Monday, April 27, 2015

Trio 13: Art Criticizes America (Three Examples)

Because the moment criticism of country is banned, we are truly screwed...

DFace


Fascism in America


Meanwhile, Back in the States (origin unknown)

Friday, April 24, 2015

Wonderful One-Hit Wonders: “Just Got Lucky” by JoBoxers

This song from JoBoxers is one of the seemingly endless stream of New Wave singles that came out of England in the ‘80s and found a temporary home on MTV, pretty much their only exposure to American audiences.

This is a sunny, bouncy love song with a great refrain, the kind of song (If I may skew old and cranky for a moment) that they just don’t make anymore. The English have always been very good at being influenced by sounds from other places like American R&B and you can hear the flavoring this genre has in this track’s beat and vocals.



Thursday, April 23, 2015

Stick This In Your MP3 Player: "Get Your Gun" by The New Law


A hushed, intense Spanish-style guitar riff with a stiff bass line underneath that slips into a High Plains Drifter-ish Hip-Hop groove, this track from The New Law could be the soundtrack to a modern Western fable like There Will Be Blood.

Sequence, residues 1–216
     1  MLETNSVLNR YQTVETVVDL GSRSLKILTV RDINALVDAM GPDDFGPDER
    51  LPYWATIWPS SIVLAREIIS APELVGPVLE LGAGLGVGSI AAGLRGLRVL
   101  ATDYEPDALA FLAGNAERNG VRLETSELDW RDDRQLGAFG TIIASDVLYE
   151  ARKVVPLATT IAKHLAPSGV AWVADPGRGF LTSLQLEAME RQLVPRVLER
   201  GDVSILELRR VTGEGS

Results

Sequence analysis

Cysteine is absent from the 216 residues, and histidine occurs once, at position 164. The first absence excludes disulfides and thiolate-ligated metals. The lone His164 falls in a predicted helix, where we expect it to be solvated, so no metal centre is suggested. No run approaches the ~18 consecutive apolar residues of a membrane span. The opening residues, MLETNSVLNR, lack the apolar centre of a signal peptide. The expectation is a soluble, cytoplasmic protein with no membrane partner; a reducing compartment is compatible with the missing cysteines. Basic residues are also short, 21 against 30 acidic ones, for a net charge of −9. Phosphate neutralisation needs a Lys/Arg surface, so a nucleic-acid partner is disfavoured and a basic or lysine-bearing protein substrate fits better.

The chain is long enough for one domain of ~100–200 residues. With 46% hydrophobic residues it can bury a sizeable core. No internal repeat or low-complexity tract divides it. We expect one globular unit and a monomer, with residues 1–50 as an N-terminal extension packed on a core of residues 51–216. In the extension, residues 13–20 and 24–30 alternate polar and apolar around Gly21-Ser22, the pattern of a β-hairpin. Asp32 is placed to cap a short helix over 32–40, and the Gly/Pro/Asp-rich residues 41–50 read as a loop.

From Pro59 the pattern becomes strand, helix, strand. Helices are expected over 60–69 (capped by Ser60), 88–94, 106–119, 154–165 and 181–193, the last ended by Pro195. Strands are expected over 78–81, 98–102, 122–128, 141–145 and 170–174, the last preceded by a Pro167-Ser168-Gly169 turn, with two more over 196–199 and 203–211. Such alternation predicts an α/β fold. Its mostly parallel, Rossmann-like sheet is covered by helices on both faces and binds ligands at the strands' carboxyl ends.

(original audio source courtesy of KEXP's Song of the Day)

Wednesday, April 22, 2015

Stick This In Your MP3 Player: "Are You Ready" by Luscious Jackson


I don’t know much about New York's Luscious Jackson apart from their excellent mid-‘90s alternative hit “Naked Eye.” This new millennium track from the band reminds why they’re still going strong – their method of loose and funky pop fun just doesn’t go out of style.


Courtesy of KEXP's Song of the Day. (Link)

Friday, March 27, 2015

Wonderful One Hit Wonders: "Nite and Day" by Al B. Sure! (1988)

Al B. Sure's 1988 hit is modern RnB at its finest, combining the best characteristics of Soul and Pop while avoiding the clich├ęs that have caused so much mediocrity in contemporary Black music. Instead of overwrought vocal gymnastics, the melody is clear and concise. The lyrics are impressionistic instead of jarringly literal. And the music is light, almost ethereal, setting a mood instead of demanding one. Where so many artists insist on ripping their hearts out with dramatic gusto on every track, this is an example of how subtlety (with a great hook) can work, too.